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Senior Patrick Glory becomes first Princeton NCAA wrestling champion in 72 years

patrick glory ncaa champion
Senior Pat Glory became the first NCAA wrestling champion for Princeton in 72 years with a 4–1 victory over Purdue’s Matt Ramos. 
Courtesy of @tigerwrestling

On Saturday, Mar. 18, senior wrestler Patrick Glory won the National Collegiate Athletic Association (NCAA) 125-pound men’s wrestling championship, becoming the first NCAA wrestling champion for Princeton in 72 years with a 4–1 victory over Purdue’s Matt Ramos. 

Throughout his Princeton career, the four-time All-American compiled a number of awards, beginning by placing sixth as a first-year in his NCAA Championship debut. With the event being cancelled in 2020 and 2021, Glory arrived at the 2022 NCAA Championship ready to perform. However, in Detroit, Mi. that year, Glory just missed earning the national champion title, placing second after losing to Michigan’s Nick Suriano 5–3.


“Walking off this stage taking second is the worst feeling in the world,” Glory said in his post-win interview with ESPN. “I just wanted to come out here and prove to everybody I could do it and that Pat Glory is a national champion.”

This year, in Tulsa, Okla., the second-seeded Glory proved himself as a national champion against fourth-seeded Ramos, joining Bradley Glass ’53 as a Princeton wrestling national champion. In 1951, Glass won the unlimited-weight NCAA championship, but no other Tiger, until Glory, had earned a national title in any weight class.

“I’ve seen that picture (of Glass) since before I was a freshman going to ROTC practices,” Glory said. “I always wanted to move him over a little bit and make some room for me. I’m just so glad we could do it.”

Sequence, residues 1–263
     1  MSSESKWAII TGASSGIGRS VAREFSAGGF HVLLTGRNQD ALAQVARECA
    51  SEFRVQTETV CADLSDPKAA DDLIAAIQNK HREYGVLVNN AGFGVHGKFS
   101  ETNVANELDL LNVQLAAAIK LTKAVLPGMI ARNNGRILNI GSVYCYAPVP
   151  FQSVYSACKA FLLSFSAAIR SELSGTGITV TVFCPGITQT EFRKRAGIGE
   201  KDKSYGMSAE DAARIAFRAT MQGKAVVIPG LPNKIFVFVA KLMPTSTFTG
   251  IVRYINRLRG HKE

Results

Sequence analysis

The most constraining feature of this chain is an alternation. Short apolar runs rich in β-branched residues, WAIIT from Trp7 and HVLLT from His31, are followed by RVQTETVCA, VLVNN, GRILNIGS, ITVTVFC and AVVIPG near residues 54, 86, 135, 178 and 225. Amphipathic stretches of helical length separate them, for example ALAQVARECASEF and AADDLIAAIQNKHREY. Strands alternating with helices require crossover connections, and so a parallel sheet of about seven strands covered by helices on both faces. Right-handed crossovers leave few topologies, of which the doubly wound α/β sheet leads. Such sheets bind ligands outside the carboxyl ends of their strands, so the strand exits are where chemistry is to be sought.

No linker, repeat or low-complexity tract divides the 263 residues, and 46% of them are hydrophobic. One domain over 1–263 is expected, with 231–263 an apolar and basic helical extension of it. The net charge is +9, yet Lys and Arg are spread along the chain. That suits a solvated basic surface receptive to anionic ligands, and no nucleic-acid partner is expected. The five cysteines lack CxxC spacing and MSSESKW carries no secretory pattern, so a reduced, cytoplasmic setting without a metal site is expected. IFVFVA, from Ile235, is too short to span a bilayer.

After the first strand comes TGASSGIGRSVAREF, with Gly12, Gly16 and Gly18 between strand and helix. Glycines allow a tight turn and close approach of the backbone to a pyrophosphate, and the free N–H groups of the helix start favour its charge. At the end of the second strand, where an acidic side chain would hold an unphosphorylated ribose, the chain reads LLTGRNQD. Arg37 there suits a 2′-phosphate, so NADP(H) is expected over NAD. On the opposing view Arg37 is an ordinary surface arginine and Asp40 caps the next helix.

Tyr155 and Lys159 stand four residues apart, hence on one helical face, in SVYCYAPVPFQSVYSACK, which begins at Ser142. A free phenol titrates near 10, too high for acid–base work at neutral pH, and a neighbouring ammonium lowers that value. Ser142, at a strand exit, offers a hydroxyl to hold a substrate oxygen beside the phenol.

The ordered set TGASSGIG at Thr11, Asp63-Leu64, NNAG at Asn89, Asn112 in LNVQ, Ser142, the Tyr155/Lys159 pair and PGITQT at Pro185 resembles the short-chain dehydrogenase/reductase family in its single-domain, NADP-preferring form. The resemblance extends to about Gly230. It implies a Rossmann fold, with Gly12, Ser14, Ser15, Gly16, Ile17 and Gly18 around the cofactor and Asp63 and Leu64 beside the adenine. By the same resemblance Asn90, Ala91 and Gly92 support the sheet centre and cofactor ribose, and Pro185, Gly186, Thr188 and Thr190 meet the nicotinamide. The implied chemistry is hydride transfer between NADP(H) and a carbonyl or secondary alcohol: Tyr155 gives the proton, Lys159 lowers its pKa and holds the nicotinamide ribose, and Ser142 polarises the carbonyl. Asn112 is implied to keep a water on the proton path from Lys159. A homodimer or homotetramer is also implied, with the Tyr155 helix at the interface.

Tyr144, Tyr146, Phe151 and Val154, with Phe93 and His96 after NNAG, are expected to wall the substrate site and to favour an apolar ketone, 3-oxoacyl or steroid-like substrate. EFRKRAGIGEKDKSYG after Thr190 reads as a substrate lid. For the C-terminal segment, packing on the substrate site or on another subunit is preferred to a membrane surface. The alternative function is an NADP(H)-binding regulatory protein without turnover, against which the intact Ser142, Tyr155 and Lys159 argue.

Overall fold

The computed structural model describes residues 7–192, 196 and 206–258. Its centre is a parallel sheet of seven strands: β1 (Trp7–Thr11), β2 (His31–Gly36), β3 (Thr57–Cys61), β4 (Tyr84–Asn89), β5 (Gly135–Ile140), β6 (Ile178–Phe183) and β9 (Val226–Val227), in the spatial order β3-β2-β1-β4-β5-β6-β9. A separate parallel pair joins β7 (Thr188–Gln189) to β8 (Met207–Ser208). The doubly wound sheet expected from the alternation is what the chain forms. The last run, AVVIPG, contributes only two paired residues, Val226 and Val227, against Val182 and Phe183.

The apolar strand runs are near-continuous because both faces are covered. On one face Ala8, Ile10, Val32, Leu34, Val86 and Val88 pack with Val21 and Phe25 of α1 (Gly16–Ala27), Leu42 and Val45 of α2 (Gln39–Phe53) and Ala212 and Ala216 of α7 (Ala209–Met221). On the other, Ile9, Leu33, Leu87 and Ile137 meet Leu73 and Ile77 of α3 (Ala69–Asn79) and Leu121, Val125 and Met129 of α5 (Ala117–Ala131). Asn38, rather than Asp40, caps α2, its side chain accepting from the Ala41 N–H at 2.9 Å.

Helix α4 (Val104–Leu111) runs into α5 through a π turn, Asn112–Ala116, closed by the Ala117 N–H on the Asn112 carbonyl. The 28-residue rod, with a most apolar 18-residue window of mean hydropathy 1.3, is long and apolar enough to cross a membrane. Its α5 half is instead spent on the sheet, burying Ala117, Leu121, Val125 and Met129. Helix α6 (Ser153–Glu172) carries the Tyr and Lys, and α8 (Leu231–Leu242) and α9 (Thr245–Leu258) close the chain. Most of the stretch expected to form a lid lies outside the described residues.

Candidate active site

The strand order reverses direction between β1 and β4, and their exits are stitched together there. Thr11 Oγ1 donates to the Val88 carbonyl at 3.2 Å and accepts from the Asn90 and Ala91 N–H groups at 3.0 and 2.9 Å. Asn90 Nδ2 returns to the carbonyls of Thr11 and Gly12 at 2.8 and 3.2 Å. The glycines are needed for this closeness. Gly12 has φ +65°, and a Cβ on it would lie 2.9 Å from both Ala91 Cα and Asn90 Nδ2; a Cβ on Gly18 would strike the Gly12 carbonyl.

In the NCAA finals, Glory demonstrated his dominance over Ramos, scoring off an escape in the second period and a takedown early in the third. Ramos’s only score came from a penalty point occurring with just a second left in the third period. 

Among those congratulating Glory after his victory was former President Donald Trump, who shook hands with him, as well as with Glory’s mother, father, and brother.

Heading into NCAA Championships, Glory had recorded a 20–0 record in his senior year and contributed 23 points to the Tigers’ overall 13th-place team finish.


“To win a national championship for Princeton and be the first one to do it since 1951 is something everyone that’s associated with our program has dreamed of,“ Glory told The Daily Princetonian. 

“It’s still surreal, and I am so grateful to have been a part of a class and a program that supports wrestling in the way Princeton does.”

Nishka Bahl is a head editor for the Sports section at the Prince.

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